Fri 12 Dec 2008
So, here’s this little bottle of framboise raspberry liqueur, called Chateau Monet. (This is a liqueur, not a traditional eau-de-vie.) There is, indeed, a depiction of a chateau on the label. The squat, bulbous bottle is satisfyingly old-fashioned looking, as if the producer went to some trouble to acquire bottles that resembled those used, say, in the 18th Century. “How quaint, how authentic, how French,” we think. Then we look at the back label and read: “Prepared and bottled in the USA by La Maison Coulombe, Lewiston, Me & Londonderry, NH.”
Yes, once again we have been victimized by what marketing people call “foreign branding.” Foreign branding grows from the idea, apparently inherent in American life and culture, that anything with a foreign name just has to be better than something made in America. Do you want to get a massage or a Swedish massage? Do you want some onion soup or some French onion soup? A pizza with a lot of cheese or a Tuscan Quattro Fromaggi Pizza?
The best-known example of foreign branding is Häagen-Dazs ice cream, which millions of Americans, including myself for many years, thought came from Sweden or Denmark: “Wow, no wonder it’s so good!” The company has been owned by General Mills since 1983, but Häagen-Dazs was founded in The Bronx in 1959 by Polish immigrants Reuben and Rose Mattus. The name, deliberately concocted to sound Scandinavian, is Duncan Hines spelled or spoken sort of inside-out and reinforced by some consonants and an umlaut. The first store opened in Brooklyn in 1975, and the rest is foreign branding history.
Another example, dear to the hearts of American folk and media culture, is the Ginsu Knife, heavily advertised on late-night television starting in 1978 in those unforgettable commercials that began, “In Japan, the hand can be used as a knife” and ending with a line that became embedded in common speech: “But wait, there’s more!” Far from being made in Japan, the knives, called Eversharp, were originally manufactured in Freemont, Ohio, where they were discovered by a pair of wily entrepreneurs who turned the brand into a raging success: “As Seen on TV!”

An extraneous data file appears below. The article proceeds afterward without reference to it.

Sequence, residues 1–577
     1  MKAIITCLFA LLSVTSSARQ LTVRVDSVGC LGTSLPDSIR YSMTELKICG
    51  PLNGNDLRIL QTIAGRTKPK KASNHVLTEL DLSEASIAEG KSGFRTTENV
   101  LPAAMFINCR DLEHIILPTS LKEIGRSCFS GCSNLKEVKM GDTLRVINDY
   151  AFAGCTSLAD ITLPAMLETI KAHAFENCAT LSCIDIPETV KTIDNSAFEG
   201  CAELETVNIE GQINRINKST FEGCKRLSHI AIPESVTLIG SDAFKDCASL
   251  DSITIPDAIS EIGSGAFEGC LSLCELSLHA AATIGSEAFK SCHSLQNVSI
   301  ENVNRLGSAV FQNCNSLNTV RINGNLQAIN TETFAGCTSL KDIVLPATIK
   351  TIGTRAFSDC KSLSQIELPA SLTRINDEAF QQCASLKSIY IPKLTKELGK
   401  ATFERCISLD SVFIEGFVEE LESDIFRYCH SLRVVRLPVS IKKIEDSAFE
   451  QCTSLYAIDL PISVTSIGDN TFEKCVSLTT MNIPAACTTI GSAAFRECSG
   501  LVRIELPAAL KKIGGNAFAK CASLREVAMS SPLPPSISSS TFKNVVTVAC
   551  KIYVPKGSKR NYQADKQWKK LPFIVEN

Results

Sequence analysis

It’s no wonder that the 19th Century wine industry in American relied completely on European models and names to sell their wares to consumers more used to terms like “Burgundy,” “Chianti,” “Sauternes” and “Madeira” than a product called, simply, “California Red Wine.” Varietal labeling didn’t really develop in California until after the end of Prohibition, though of course many wines continued (and continue) to exploit the foreign branding concept. This idea applies not only to wineries called Chateau This and Clos du That but to brands like Hearty Burgundy and Chablis Blanc and the old (and actually tasty) Green Hungarian, made by Paul Masson; we drank gallons of these wines, back in the day.
The EU frowns on the use of European place names on American wine labels, and a series of trade agreements have been instituted to prevent producers in America from plastering the terms Sherry, Port and Champagne on labels while Europeans will not pretend that their wines were made in the Napa Valley. (I mean, did they ever? Was there a “Napa Valley Riesling” from Germany?) The trick is that some veteran manufacturers of sparkling wine in California — Korbel and Gallo –were permitted to retain the use of “champagne” on their sparkling wine labels, you know, for old-times’ sake. That loophole seems pretty egregious to me, and also to French trade groups, which have mounted advertising campaigns against it.
“St. Clair Burgundy” label (it says in tiny type that it was printed in St. Louis) is from labeltrader.com, a fascinating site for collectors of all sort of antique paper labels.